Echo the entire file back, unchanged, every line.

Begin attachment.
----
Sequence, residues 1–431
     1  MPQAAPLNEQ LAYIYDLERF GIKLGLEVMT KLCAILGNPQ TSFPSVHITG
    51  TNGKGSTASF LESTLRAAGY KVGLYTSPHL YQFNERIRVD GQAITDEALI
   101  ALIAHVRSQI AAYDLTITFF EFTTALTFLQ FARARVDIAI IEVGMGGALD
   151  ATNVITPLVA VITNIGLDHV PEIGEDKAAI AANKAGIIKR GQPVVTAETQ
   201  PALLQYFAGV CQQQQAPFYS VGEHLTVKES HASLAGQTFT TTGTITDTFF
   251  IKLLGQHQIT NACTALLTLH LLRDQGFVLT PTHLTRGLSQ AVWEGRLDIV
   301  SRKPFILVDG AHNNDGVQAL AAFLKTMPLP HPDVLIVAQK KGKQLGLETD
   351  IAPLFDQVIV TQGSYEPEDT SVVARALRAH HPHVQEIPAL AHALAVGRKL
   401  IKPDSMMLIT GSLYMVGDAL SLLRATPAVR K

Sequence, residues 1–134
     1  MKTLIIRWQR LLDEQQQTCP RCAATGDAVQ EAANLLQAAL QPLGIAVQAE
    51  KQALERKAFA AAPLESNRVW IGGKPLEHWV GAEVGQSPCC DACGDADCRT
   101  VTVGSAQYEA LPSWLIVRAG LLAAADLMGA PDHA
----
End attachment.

Sequence, residues 1–431
     1  MPQAAPLNEQ LAYIYDLERF GIKLGLEVMT KLCAILGNPQ TSFPSVHITG
    51  TNGKGSTASF LESTLRAAGY KVGLYTSPHL YQFNERIRVD GQAITDEALI
   101  ALIAHVRSQI AAYDLTITFF EFTTALTFLQ FARARVDIAI IEVGMGGALD
   151  ATNVITPLVA VITNIGLDHV PEIGEDKAAI AANKAGIIKR GQPVVTAETQ
   201  PALLQYFAGV CQQQQAPFYS VGEHLTVKES HASLAGQTFT TTGTITDTFF
   251  IKLLGQHQIT NACTALLTLH LLRDQGFVLT PTHLTRGLSQ AVWEGRLDIV
   301  SRKPFILVDG AHNNDGVQAL AAFLKTMPLP HPDVLIVAQK KGKQLGLETD
   351  IAPLFDQVIV TQGSYEPEDT SVVARALRAH HPHVQEIPAL AHALAVGRKL
   401  IKPDSMMLIT GSLYMVGDAL SLLRATPAVR K

Sequence, residues 1–134
     1  MKTLIIRWQR LLDEQQQTCP RCAATGDAVQ EAANLLQAAL QPLGIAVQAE
    51  KQALERKAFA AAPLESNRVW IGGKPLEHWV GAEVGQSPCC DACGDADCRT
   101  VTVGSAQYEA LPSWLIVRAG LLAAADLMGA PDHA